Drimiopsis Species, Little White Soldiers

Drimiopsis maculata

Family: Asparagaceae
Genus: Drimiopsis (drim-ee-OP-sis) (Info)
Species: maculata (mak-yuh-LAH-tuh) (Info)
Synonym:Drimia petiolata
Synonym:Drimiopsis minor
Synonym:Ledebouria petiolata



Water Requirements:

Average Water Needs; Water regularly; do not overwater

Sun Exposure:

Sun to Partial Shade

Light Shade




Foliage Color:

Unknown - Tell us


6-12 in. (15-30 cm)


3-6 in. (7-15 cm)

6-9 in. (15-22 cm)


USDA Zone 8a: to -12.2 C (10 F)

USDA Zone 8b: to -9.4 C (15 F)

USDA Zone 9a: to -6.6 C (20 F)

USDA Zone 9b: to -3.8 C (25 F)

USDA Zone 10a: to -1.1 C (30 F)

USDA Zone 10b: to 1.7 C (35 F)

USDA Zone 11: above 4.5 C (40 F)

Where to Grow:

Unknown - Tell us


Unknown - Tell us

Bloom Color:

Pale Green



Bloom Characteristics:

Unknown - Tell us

Bloom Size:

Unknown - Tell us

Bloom Time:

Blooms all year

Other details:

Unknown - Tell us

Soil pH requirements:

Unknown - Tell us

Patent Information:


Propagation Methods:

By dividing rhizomes, tubers, corms or bulbs (including offsets)

Seed Collecting:

Unknown - Tell us


This plant is said to grow outdoors in the following regions:

Chandler, Arizona

Phoenix, Arizona

Big Pine Key, Florida

Chiefland, Florida

Deland, Florida

Gainesville, Florida

Hollywood, Florida

Howey In The Hills, Florida

Jacksonville, Florida

Lady Lake, Florida

Miami, Florida

Ocala, Florida(2 reports)

Pompano Beach, Florida

Tallahassee, Florida

West Palm Beach, Florida

Loganville, Georgia

Saint Louis, Missouri

Chocowinity, North Carolina

Liberty, North Carolina

Beaufort, South Carolina

Okatie, South Carolina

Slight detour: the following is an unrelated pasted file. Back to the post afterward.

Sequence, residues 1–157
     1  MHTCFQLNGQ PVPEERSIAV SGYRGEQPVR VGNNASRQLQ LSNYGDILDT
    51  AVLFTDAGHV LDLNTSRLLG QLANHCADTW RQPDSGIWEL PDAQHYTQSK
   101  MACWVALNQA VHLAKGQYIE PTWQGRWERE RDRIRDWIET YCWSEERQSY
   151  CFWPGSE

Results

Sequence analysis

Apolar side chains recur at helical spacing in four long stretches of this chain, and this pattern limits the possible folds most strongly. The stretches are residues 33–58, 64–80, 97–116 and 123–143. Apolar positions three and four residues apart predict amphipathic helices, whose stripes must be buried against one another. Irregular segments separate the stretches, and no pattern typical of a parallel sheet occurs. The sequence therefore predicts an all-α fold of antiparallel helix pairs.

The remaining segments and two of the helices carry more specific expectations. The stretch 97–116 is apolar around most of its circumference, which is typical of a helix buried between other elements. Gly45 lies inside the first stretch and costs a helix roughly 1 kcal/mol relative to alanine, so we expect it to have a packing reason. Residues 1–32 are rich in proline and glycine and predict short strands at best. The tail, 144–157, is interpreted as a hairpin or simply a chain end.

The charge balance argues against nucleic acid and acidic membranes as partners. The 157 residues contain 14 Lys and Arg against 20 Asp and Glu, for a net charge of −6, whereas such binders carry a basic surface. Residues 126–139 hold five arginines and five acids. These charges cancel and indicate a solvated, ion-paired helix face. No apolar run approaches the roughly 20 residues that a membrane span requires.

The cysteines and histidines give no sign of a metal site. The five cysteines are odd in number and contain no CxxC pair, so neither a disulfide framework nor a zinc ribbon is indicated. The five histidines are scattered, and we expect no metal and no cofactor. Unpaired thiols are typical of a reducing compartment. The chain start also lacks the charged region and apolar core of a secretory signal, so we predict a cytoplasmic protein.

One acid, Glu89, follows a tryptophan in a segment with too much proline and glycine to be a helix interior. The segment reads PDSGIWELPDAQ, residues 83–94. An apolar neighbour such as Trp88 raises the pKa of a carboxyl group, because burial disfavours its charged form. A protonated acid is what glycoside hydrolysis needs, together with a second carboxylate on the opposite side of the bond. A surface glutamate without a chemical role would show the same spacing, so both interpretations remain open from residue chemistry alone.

Austin, Texas

Dickinson, Texas

Houston, Texas

San Antonio, Texas

Lanexa, Virginia

show all

Gardeners' Notes:


On Nov 5, 2016, Mudfisu from Helsinki,
Finland wrote:

I recently obtained a small pot of this from a botanical garden in the spring. It was quite happy on my window sill, but now it has lost all its leaves (except from a few rather rudimentary leaves around the bulbs) from, what I guess, is its natural winter dormancy. How do you keep the bulbs during the winter period? Does it still needs watering? Should it be kept in a cooler area?
Many thanks in advance for any feedback,


On Feb 7, 2015, poeciliopsis from Phoenix, AZ wrote:

Central Phoenix -- Drimiopsis maculata does better in pots in my garden than in the ground. However, the in-ground plants have been growing there for over 10 years. The potted plants produce new bulbs fairly rapidily, but the in-ground plants expand slowly. The in-ground plants are in partial to dense shade. One gets summer water once a month and the other gets more. Plants brought inside will retain leaves through the winter, but those outside die to the ground. My in-ground plants are under a cold frame, but a potted plant left unprotected outside this winter seems to have survived 26F without loss.


On Jun 10, 2014, sschmitz from Olivette, MO wrote: